In the comments to one of our S&C bonsai posts, it was reported that Shearman & Sterling gave iPod shuffles to its summer associates. That’s quite nice. But it’s even nicer to give a nifty (and costly) gadget to a mere offeree, who at the end of the day might just say, “Thanks anyway, hello Ropes & Gray.”
What’s the nicest gift you’ve received, or heard of someone receiving, from a law firm encouraging acceptance of its offer? Please discuss, in the comments. Thanks.
Ms. JD is hosting their 2nd annual cocktail benefit to raise money for the Global Education Fund. The event will be held on August 21, 2014 at 111 Minna in San Francisco. Our goal is to raise $20,000 to fund the legal educations of four dedicated law students in Uganda who count on our support to continue their studies at Makerere University during the 2014-15 academic year.
The Global Education Fund enable womens in developing countries to pursue legal educations who otherwise would not have access to further education. According to the World Bank, investment in education for girls has one of the highest rates of return to promote development. In Uganda, more than 45% of women over the age of 25 have no schooling at all, and men are more than twice as likely as women to have access to higher education. Together, we can work to end educational inequality. For more information about the program, please visit http://ms-jd.org/programs/global-education-fund/
Ed. note: The Asia Chronicles column is authored by Kinney Recruiting. Kinney has made more placements of U.S. associates, counsels and partners in Asia than any other recruiting firm in each of the past seven years. You can reach them by email: firstname.lastname@example.org.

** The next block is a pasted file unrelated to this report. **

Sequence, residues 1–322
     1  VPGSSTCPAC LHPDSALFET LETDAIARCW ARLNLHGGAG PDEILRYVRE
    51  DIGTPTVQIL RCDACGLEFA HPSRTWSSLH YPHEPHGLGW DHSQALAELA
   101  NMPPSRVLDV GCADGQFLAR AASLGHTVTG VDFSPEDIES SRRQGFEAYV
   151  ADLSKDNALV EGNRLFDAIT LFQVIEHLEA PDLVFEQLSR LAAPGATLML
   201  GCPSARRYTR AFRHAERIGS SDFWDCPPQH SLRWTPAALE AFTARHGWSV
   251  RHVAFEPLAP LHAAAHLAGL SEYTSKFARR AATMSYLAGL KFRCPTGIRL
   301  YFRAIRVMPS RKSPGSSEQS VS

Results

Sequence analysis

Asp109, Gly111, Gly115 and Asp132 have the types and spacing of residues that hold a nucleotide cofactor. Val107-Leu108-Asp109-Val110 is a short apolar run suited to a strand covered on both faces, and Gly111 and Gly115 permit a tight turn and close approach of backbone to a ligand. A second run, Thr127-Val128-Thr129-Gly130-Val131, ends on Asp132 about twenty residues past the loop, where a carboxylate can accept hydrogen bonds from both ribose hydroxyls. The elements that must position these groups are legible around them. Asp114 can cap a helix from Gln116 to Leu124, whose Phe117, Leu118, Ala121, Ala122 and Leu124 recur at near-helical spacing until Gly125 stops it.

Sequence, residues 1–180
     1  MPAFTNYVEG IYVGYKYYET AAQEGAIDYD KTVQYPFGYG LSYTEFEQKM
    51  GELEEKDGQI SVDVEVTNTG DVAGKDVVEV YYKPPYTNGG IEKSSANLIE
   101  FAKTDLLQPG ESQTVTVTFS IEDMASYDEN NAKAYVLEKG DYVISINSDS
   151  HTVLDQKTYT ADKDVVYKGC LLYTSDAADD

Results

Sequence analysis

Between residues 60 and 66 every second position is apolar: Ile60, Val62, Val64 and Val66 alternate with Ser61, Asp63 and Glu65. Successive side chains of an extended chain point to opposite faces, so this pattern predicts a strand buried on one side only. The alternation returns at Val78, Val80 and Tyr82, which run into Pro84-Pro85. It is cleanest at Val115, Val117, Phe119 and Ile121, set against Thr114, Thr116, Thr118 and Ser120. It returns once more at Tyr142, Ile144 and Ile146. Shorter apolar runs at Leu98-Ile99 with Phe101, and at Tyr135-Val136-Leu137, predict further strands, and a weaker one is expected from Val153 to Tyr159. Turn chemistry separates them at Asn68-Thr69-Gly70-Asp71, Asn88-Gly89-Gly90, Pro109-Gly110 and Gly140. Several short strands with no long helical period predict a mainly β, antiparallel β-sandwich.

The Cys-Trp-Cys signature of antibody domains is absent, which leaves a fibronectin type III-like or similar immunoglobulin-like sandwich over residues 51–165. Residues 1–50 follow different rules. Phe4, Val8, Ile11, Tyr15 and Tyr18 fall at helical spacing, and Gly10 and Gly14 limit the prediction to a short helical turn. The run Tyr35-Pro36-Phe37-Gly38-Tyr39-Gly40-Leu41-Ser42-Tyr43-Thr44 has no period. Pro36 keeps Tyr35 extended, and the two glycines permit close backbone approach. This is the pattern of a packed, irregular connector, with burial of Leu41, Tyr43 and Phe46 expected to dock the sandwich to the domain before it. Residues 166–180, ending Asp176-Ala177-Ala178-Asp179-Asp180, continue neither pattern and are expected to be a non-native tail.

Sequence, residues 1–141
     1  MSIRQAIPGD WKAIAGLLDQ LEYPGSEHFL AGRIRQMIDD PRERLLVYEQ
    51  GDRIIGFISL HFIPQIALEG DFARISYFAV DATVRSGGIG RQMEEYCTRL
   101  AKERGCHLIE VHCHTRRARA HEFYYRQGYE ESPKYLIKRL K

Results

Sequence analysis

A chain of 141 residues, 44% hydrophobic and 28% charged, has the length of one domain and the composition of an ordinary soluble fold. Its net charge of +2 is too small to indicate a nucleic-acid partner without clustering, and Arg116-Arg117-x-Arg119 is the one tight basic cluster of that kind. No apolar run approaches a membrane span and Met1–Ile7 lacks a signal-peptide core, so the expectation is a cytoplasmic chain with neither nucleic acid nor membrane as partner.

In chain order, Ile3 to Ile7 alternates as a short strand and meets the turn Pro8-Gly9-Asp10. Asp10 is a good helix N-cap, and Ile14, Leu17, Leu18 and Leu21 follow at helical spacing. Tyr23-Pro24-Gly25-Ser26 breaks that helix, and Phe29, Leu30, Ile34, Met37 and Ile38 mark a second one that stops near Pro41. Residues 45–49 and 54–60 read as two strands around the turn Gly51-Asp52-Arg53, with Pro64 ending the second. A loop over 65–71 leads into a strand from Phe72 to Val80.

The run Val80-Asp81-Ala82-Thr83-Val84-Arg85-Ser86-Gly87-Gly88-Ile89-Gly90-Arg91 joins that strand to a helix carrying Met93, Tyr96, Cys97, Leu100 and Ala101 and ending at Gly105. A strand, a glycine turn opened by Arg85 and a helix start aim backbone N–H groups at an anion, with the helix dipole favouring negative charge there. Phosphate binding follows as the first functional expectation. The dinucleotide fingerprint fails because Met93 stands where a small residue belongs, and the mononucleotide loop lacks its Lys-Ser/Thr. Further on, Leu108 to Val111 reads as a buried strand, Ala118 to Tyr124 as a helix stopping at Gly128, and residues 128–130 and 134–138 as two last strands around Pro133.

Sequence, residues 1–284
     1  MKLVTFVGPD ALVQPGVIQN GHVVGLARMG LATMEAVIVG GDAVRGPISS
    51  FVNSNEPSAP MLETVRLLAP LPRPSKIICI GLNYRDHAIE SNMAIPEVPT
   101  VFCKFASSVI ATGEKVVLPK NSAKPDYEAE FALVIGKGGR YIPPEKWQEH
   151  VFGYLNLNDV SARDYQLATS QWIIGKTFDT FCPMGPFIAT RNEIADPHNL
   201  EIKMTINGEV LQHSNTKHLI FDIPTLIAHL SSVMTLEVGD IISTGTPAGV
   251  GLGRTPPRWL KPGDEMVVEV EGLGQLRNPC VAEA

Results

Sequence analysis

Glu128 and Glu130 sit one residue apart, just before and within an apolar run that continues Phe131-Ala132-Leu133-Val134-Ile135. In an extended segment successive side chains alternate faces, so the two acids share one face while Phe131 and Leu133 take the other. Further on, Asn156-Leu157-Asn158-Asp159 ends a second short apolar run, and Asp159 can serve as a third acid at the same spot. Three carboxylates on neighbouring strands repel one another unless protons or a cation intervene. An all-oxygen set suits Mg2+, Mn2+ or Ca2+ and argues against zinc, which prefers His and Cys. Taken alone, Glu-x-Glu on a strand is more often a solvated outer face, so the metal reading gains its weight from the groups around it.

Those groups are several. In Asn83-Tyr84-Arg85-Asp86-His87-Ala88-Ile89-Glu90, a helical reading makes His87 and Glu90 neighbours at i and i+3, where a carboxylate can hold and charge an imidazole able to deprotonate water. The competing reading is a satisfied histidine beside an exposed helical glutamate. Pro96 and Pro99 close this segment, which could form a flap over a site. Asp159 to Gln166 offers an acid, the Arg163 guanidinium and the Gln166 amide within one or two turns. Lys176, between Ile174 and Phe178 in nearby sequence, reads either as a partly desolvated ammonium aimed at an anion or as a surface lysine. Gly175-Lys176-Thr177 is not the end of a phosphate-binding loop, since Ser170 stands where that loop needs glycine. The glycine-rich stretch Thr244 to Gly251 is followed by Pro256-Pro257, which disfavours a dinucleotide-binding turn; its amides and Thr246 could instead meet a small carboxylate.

We at Kinney Asia have made a number of FCPA / White Collar US associate placements in Hong Kong / China thus far in 2014. Most of such placements have been commercial litigation associates from major US markets, fluent in Mandarin, switching to FCPA / White Collar litigation. Some have already had FCPA experience, but those are difficult candidates for firms to find (this will change in coming years as US firms are now promoting FCPA / White Collar to their 2L summers who are fluent in Mandarin and have an interest in transferring to China at some point).
Legal Week quoted Kinney’s Head of Asia, Evan Jowers, extensively in the following relevant article here.
There is a new trend in the market, though, where mid-level transactional US associates, fluent in spoken Mandarin and written Chinese, are interviewing for and in some cases landing junior FCPA / White Collar spots in Hong Kong / China at very top tier US firms.
When the LexisNexis Cloud Technology Survey results were reported earlier this year, it showed that attorneys were starting to peer less skeptically into the future, and slowly but surely leaning more toward all the benefits the law cloud has to offer.
Because let’s face it, plenty of attorneys are perhaps a bit too comfortable with their “system” of practice management, which may or may not include neon highlighters, sticky notes, dog-eared file folders, and a word processing program that was last updated when the term “raise the roof” was still de rigueur.